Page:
Sen. Shevrin Jones, a West Park Democrat, is reviving efforts to set up a group to study gun violence in urban communities.
Jones brought forward a similar bill last Session, when he was still a member of the House. Last November, Jones was elected to the Senate with a win in Senate District 35. Freshman Rep. Omari Hardy, a West Palm Beach Democrat, is joining Jones on this year’s version of the bill.
The legislation would set up a 10-person “Urban Core Gun Violence Task Force.” The body would “investigate system failures and the causes of high crime rates and gun violence incidents in urban core neighborhoods and communities. In addition, the task force shall develop recommendations for solutions, programs, services, and strategies for improved interagency communications between local and state government agencies which will help facilitate the reduction of crime and gun violence in urban core neighborhoods and communities,” according to the bill.
Jones says the body would function in a similar fashion to the panel set up after the 2018 shooting in Parkland. That body investigated the causes of that shooting and forwarded recommendations to the Legislature, where they were eventually turned into law.
“Gun violence has claimed far too many in our communities, with fatalities often unreported and simply accepted as ‘the way things are,’” Jones said in a Wednesday statement promoting the bill.
“These are preventable tragedies, and I’m committed to working with my colleagues on both sides of the aisle to pass this bill and keep our people and neighborhoods safe.”
The panel would be made up of two appointees each from the Governor, majority leaders in both legislative chambers, and minority leaders in both legislative chambers. Its first report would be due Jan. 1, 2022, and the body would remain active until June 30, 2024.
“The courageous survivors of the Parkland massacre are the national faces of America’s gun violence epidemic. But in mine and Sen. Jones’ communities, the faces of the gun violence epidemic are of a different hue,” Hardy added.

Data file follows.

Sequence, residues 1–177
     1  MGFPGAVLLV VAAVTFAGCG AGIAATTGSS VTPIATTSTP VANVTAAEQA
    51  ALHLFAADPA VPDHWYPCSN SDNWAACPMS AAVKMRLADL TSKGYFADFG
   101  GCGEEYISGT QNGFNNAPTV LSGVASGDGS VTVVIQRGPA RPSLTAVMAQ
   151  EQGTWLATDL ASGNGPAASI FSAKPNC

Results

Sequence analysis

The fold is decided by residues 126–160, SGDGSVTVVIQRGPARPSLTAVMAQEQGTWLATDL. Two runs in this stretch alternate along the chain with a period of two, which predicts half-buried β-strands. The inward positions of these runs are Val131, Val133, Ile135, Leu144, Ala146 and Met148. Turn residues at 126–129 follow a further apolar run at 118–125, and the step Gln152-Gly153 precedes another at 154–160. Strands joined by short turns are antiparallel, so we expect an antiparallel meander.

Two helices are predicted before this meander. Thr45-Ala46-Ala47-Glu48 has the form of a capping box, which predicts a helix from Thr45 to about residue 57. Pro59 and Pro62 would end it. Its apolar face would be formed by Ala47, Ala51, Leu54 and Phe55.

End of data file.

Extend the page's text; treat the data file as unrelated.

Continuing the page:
“The shootings plaguing our communities are not like the mass shootings that make the national news, but they are no less tragic. We lose 26 Black people to gun violence every day in America. Every day, gun violence brings tragedy to dozens of families in Black communities across this country. We can end this kind of gun violence, but we need solutions that are tailored to the problem. That is what this bill is intended to provide.”
The bills also would set up a three-year “firearm violence reduction pilot program” to target high-violence communities. That program would put funds toward those communities with the aim of tangibly reducing gun violence, either through arrests, community outreach or other means.
Sen. Jason Pizzo, who worked with Jones on the bill last year when Jones was in the House, said he’s “thrilled” Jones was carrying the measure this year. “I’ve already submitted a request to co-sponsor, and do what I can to support this very important bill,” Pizzo added.
If successful, the law would take effect on July 1, 2021.